American Jews Serve in World War II

by Seymour "Sy" Brody


When the Japanese bombed Pearl Harbor on December 7, 1941, and the United States declared war on Japan and Germany, American Jewish men and women responded to their country's call for the armed forces. More than 550,000 served in the Armed Forces of the United States during World War II. About 11,000 were killed and more than 40,000 were wounded. There were three recipients of the Congressional Medal of Honor, 157 received the Distinguished Service Medal and Crosses, which included Navy Crosses, and 1,600 were awarded the Silver Star. About 50,242 other decorations. citations and awards were given to Jewish heroes for a total of 52,000 decorations.

Jews were 3.3 percent of the total American population but they were 4.23 percent of the Armed Forces. About 60 percent of all Jewish physicians in the United States under 45 years of age were in service uniforms.

President Franklin D. Roosevelt praised the fighting abilities and service of Jewish men and women. General Douglas MacArthur in one of his speeches said, “I am proud to join in saluting the memory of fallen American heroes of Jewish faith.” At the 50th National Memorial Service conducted by the Jewish War Veterans of the United States, General A. A. Vandergrift, Commandant, U.S. Marine Corps, said, “Americans of Jewish faith in the Marine Corps have served with distinction throughout the prosecution of this war. During the past year, many Jewish fighting men in our armed forces have given their lives in the cause of freedom. With profound sympathy and respect, I join you in paying homage to them at this memorial service.”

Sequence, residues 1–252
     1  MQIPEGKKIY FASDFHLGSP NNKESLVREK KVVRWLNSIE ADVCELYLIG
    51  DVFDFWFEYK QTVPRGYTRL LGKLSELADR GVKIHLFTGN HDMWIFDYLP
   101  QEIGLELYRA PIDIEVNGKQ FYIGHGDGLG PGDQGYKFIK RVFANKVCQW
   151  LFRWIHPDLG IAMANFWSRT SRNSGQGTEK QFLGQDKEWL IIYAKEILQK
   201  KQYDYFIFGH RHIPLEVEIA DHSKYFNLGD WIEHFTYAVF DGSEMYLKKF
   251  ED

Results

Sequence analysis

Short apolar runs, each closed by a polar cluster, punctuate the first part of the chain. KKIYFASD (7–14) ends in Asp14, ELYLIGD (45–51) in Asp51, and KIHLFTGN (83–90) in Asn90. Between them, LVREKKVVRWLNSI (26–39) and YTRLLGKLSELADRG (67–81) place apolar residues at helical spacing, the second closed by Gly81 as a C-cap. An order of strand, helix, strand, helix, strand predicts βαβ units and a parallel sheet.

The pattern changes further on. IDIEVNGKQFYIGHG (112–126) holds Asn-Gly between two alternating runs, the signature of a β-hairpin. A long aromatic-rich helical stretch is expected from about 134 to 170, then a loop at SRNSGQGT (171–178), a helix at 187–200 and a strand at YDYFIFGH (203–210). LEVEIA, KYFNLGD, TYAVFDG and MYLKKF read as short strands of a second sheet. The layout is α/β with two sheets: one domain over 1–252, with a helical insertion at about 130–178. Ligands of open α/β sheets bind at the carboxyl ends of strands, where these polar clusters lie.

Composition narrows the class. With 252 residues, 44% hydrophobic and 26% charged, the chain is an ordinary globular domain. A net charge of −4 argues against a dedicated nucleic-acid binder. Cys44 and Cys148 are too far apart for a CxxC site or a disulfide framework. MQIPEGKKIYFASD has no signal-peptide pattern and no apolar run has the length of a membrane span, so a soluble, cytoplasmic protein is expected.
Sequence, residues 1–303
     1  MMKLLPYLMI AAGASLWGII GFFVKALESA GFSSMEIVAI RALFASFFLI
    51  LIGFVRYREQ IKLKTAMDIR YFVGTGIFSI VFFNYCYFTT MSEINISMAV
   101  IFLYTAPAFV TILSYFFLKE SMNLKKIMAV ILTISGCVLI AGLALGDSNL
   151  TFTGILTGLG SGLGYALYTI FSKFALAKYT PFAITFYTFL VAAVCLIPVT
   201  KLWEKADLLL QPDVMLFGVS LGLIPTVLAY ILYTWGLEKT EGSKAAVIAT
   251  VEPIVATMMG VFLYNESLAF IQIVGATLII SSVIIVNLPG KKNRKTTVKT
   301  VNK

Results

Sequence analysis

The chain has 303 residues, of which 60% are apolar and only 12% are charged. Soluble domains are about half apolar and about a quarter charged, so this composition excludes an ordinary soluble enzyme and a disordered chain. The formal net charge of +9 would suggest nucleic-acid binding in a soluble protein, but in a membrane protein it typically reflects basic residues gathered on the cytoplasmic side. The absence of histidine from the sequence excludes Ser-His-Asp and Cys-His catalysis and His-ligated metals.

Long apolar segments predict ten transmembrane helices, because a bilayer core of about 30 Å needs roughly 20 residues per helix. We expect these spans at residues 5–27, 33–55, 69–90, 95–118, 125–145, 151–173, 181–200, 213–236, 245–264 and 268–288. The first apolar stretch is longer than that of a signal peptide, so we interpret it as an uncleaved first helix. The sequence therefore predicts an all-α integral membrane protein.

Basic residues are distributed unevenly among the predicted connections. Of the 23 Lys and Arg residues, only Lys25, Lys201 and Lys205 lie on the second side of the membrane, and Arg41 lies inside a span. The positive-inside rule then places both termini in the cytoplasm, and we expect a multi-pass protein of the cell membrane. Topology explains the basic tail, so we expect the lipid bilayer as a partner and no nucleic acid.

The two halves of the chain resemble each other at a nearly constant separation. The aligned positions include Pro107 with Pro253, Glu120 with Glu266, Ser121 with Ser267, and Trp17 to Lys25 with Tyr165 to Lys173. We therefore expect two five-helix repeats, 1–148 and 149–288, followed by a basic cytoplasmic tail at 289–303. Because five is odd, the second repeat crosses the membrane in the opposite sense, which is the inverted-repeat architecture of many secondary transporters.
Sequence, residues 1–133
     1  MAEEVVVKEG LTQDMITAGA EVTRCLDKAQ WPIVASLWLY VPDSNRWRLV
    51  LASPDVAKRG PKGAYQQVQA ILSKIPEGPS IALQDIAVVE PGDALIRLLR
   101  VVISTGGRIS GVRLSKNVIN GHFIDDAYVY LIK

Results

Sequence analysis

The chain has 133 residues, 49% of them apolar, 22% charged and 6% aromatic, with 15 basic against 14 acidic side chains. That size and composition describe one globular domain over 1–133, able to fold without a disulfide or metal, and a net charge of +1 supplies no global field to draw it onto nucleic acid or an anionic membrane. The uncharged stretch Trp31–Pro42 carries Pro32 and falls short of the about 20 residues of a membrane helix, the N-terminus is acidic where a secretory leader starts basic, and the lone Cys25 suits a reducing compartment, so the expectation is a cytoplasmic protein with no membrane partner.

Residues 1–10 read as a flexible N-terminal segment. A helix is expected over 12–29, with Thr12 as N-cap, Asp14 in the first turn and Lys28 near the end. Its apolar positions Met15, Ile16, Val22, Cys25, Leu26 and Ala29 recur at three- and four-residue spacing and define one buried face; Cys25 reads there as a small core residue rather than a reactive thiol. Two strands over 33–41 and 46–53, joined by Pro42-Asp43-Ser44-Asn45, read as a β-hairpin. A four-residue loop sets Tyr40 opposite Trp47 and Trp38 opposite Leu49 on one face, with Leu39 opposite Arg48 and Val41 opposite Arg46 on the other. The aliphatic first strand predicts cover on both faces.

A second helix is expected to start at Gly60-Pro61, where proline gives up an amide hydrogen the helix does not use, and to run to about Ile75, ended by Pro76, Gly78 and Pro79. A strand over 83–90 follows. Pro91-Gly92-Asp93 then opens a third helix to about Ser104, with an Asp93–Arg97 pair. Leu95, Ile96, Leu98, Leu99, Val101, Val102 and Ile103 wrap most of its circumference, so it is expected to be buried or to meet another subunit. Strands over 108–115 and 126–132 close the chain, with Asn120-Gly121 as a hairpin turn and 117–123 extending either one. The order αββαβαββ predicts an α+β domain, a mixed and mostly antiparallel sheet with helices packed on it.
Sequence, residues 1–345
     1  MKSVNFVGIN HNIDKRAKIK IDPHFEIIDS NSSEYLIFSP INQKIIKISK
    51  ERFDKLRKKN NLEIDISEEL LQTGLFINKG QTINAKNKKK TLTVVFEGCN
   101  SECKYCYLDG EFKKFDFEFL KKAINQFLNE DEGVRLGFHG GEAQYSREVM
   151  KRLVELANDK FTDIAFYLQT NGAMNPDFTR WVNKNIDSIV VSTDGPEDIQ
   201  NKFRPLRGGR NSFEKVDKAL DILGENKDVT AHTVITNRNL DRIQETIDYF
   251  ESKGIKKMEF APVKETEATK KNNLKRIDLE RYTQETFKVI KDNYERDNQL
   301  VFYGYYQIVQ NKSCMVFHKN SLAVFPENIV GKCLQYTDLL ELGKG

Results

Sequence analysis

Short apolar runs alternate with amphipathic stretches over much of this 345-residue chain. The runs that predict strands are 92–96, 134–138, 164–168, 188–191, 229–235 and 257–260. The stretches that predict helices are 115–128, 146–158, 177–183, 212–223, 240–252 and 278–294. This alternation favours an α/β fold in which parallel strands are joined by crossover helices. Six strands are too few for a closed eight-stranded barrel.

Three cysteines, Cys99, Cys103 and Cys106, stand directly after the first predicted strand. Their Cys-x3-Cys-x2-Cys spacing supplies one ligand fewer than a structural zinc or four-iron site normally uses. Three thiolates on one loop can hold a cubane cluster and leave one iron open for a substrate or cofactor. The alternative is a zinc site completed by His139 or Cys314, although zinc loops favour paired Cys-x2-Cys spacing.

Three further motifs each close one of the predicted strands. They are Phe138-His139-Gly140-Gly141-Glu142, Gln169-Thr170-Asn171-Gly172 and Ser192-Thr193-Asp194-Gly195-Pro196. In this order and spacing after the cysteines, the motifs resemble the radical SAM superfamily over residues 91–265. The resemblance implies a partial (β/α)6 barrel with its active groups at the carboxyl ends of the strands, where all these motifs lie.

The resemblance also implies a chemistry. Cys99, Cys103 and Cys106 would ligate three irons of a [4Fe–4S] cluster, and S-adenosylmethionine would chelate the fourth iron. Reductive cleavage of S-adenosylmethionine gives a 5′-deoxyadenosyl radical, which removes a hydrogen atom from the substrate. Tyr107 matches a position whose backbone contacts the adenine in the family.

Source: Jewish Recipients of the Congressional Medal of Honor.

This exhibit was prepared by Seymour "Sy" Brody, of Delray Beach, Florida, editor of the Jewish War Veteran's The Jewish Veteran, and author of Jewish Heroes of America and its sequel, Jewish Heroes and Heroines of America, © 1996.